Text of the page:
Top Five Apocalyptic Visions. PS: It was nice knowing you.

20 12 2012

Dear Powers-That-Be,

It’s all very well to be told that the world is going to end tomorrow. But when planning for the Apocalypse, it would be really helpful to know which time-zone I’m working to.

Presumably we should be synching our clocks to Mayan time, which means I should be looking to Mesoamerica. For those of us living on the east coast of Australia, this means we have a bit longer to wait before we high-five our maker. But does the ‘last day’ mean we have until midnight, or should I factor in a cataclysmic event early in the day? I still have a fair amount of Christmas shopping to do, so it would be great to have some specifics.

Yours sincerely,

Meaghan Wilson-Anastasios

PS – to entertain you as the skies rain brimstone and the four horsemen of the Apocalypse gallop past – Death, Plague, Pestilence… and the other one – here are my favourite apocalyptic visions drawn from the world of the visual arts. Not surprisingly, all were made in the nineteenth century or earlier. They really knew how to sell hellfire and damnation back then.

Happy last day on earth. It was fun.

Francisco Goya, 'Saturn Devouring His Children'

Francisco Goya, ‘Saturn Devouring His Children’

Michelangelo Buonarroti, 'The Last Judgement'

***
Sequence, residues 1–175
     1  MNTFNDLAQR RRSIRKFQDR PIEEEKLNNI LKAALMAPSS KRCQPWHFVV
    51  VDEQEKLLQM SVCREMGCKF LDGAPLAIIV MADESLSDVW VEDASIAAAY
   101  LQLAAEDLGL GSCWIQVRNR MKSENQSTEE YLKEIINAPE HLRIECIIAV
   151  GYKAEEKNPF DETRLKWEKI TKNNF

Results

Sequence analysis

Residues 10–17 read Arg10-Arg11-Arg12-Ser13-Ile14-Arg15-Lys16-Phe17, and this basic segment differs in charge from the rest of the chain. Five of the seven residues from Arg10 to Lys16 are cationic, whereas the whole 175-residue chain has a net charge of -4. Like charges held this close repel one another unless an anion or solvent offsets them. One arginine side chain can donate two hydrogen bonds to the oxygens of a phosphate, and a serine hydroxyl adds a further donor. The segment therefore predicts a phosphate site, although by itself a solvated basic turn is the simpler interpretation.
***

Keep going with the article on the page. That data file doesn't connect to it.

Michelangelo Buonarroti, ‘The Last Judgement’

John Martin, 'The Great Day of His Wrath'

John Martin, ‘The Great Day of His Wrath’

Luca Signorelli, 'The Damned Cast into Hell'

Luca Signorelli, ‘The Damned Cast into Hell’

Hieronymus Bosch, 'The Garden of Earthly Delights'

Hieronymus Bosch, ‘The Garden of Earthly Delights’


The Torment of Sotheby’s: Did a Michelangelo Painting Slip Through their Fingers?

13 05 2009

I’ve always had a soft spot for Michelangelo. Think of it as a schoolgirl crush which germinated when I fell head over heels in love with David at the age of fourteen or so. No matter that his splendour was somewhat tarnished by the fly-spotted, discoloured slide projected in art history class in high school. Since then, I’ve developed an abiding passion for the art of printmaking. And in the meantime, I’ve been intrigued by images of the Torment of St. Anthony… Martin Schongauer’s is one of my favourites. His demons always remind me of the Hindu/Buddhist divinity, Garuda (image right). 


So, imagine my joy when I discovered that all three things may well be combined in a single image (pictured above). Kimbell Art Gallery in Fort Worth, Texas, picked it up for a song – they believe that it was painted by Michelangelo at the age of 12 or 13 after Schongauer’s print (around 1487 or so). Adam Williams, an art dealer, bought it from Sotheby’s where it was catalogued as ‘Workshop of Domenico Ghirlandaio’ – where Michelangelo served his apprenticeship. It is believed that the Kimbell then bought it for about $6 million. Although the authorship is disputed, it’s a stunning painting.

Oh, please let it be true, art-world pixies. I want to believe!

Images: The Torment of St. Anthony – The New York Times; Garuda –